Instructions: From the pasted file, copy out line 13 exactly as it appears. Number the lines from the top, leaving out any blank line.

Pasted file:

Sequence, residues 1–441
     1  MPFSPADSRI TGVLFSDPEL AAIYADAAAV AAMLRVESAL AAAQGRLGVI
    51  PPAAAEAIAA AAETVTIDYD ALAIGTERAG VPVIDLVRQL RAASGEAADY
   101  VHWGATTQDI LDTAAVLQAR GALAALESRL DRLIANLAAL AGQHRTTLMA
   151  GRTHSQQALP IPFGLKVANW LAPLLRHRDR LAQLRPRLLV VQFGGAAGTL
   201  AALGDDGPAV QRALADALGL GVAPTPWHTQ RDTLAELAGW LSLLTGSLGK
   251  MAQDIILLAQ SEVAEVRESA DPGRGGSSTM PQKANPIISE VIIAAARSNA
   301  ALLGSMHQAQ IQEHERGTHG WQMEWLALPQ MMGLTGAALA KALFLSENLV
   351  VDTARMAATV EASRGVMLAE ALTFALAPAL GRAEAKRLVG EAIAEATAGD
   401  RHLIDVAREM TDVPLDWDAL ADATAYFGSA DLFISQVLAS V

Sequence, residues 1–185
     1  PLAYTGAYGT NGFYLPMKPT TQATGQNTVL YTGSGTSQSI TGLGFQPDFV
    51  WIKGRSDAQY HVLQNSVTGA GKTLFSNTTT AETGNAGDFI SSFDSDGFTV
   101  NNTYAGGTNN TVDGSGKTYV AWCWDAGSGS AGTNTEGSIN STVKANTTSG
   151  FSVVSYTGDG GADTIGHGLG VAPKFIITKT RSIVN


    51  WIKGRSDAQY HVLQNSVTGA GKTLFSNTTT AETGNAGDFI SSFDSDGFTV